These are the scientific facts of the legacy of a century of Rowarth’s science, irrespective of the prosperity it has afforded some. 

Scientific conceit

In building a science-ideology binary, Rowarth assumes science to be free from ideology – truthful, objective, and without favour. This is a very mid-20th Century view. Science does not stand outside society. It is social practice – ideologically grounded, power-riven, and messy.

Science exists to serve nation and society. Its pursuit of objectivity is helpful, and we must value the conditions that make science possible. We must ensure science does not become the tool of political projects, yet we must recognise that it is hopelessly entangled in them.

Rowarth, for example, declares in her byline a long career of working for and closely with farmers, science organisations, political actors, and others who have produced the productivist business-as-usual she advocates for – and its unfortunate legacies. This signals the potential subjectivity of science and scientists, yet Rowarth does not question her baseline assumptions, which are born of the long-term relationships between Aotearoa’s agricultural science and an agri-industrial complex of universities, farmers groups, chemical companies, government agencies, and other experts.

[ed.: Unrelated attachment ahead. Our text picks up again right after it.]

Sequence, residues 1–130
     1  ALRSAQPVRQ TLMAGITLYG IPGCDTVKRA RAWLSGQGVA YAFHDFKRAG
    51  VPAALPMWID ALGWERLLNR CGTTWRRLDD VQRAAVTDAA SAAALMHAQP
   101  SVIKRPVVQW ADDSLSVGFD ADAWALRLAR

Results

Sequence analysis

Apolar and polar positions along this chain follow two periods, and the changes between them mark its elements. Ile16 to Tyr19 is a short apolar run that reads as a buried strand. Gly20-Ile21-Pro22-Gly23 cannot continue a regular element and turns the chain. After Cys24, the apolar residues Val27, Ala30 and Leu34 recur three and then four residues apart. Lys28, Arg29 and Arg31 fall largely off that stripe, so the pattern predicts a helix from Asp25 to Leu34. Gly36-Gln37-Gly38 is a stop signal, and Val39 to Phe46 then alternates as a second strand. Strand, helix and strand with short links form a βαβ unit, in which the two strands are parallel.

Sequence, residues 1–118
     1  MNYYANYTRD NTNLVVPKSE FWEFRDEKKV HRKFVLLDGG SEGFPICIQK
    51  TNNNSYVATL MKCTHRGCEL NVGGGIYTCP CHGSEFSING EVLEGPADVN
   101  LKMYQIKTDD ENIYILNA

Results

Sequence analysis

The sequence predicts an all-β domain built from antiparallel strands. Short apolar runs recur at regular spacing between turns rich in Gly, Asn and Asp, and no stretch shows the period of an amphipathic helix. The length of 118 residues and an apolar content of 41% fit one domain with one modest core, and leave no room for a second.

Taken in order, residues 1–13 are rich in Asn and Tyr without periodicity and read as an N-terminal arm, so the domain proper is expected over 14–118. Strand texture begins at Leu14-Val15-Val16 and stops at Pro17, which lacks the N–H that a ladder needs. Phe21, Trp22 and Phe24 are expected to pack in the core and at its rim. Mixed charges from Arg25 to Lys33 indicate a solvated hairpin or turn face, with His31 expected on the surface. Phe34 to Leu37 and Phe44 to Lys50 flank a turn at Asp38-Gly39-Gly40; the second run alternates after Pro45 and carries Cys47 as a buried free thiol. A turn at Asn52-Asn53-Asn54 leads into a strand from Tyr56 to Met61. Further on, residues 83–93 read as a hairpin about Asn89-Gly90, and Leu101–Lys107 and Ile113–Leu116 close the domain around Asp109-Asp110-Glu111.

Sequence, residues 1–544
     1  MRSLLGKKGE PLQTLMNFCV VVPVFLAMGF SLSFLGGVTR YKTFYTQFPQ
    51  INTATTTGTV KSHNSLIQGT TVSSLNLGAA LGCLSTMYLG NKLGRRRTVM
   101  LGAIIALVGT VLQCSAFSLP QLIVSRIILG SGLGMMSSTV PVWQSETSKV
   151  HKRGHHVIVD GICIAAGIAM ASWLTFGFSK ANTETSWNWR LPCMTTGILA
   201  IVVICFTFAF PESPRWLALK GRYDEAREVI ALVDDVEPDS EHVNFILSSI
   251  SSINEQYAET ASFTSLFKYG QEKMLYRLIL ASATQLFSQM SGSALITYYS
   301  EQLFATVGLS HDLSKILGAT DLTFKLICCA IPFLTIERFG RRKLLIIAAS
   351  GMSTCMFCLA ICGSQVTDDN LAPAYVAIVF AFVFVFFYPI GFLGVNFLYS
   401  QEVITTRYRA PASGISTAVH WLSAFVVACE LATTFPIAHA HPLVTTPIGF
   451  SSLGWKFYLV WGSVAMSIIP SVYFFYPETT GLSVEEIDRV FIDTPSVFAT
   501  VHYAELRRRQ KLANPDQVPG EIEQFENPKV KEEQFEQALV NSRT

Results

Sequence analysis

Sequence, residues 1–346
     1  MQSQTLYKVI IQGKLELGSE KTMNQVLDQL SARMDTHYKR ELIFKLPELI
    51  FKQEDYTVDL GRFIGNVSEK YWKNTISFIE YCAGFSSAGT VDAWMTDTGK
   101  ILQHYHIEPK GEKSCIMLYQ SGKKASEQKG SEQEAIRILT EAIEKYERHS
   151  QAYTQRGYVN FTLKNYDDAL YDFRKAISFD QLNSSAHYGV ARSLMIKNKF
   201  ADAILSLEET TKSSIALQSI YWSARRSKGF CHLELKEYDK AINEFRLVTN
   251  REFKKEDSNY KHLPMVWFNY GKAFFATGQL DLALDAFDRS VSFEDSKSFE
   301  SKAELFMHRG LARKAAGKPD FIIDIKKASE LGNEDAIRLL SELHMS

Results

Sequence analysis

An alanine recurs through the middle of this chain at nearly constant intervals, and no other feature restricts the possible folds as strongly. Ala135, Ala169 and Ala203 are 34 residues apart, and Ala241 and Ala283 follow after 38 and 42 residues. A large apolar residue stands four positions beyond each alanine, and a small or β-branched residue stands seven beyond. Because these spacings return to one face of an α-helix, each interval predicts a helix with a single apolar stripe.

Scientists need to ask where their certainties about social and political worlds come from. They should be more upfront and honest about how they ask their questions and come to their conclusions, even what questions should be asked and why. They should have the humility to recognise that may be part of the problem.

Rowarth should be given her voice, but she should use it responsibly. She should recognise the political and ideological lock-ins of her views.

Unfortunately, many scientists have become emboldened by their own lobbying and the political privilege afforded them by the myths about their objectivity and their truths.

Covid hasn’t helped. The science was important, but beyond explaining how viruses live, multiply, mutate and die and designing vaccines, the scientists’ performance was political and was applauded precisely for its political value.

Revolting students?

That students get excited and passionate, and the act of protesting shows they care. Rowarth’s business-as-usual is ripe for challenge. These students have taken up the responsibility to make the challenge and to imagine alternatives. Shame on the rest of us.

At a time when students see their futures threatened by older generations’ madcap pursuit of growth, those older generations should not judge – especially not in such a dismissive way.

Rowarth patronises young people, makes sweeping claims about the potential of science, ignores her own assumptions, makes claims about what she knows nothing about (student motivations), and unscientifically misrepresents what it is she dislikes. This seems far worse than what she accuses the protesters of doing.

One crucial difference is that she makes no commitment to making the world a better place. Scientists should disavow themselves of this kind of lobbying, preferably with the same level of passion that students take to their protests.

Nicolas Lewis is Associate Professor, Environment, Faculty of Science at the University of Auckland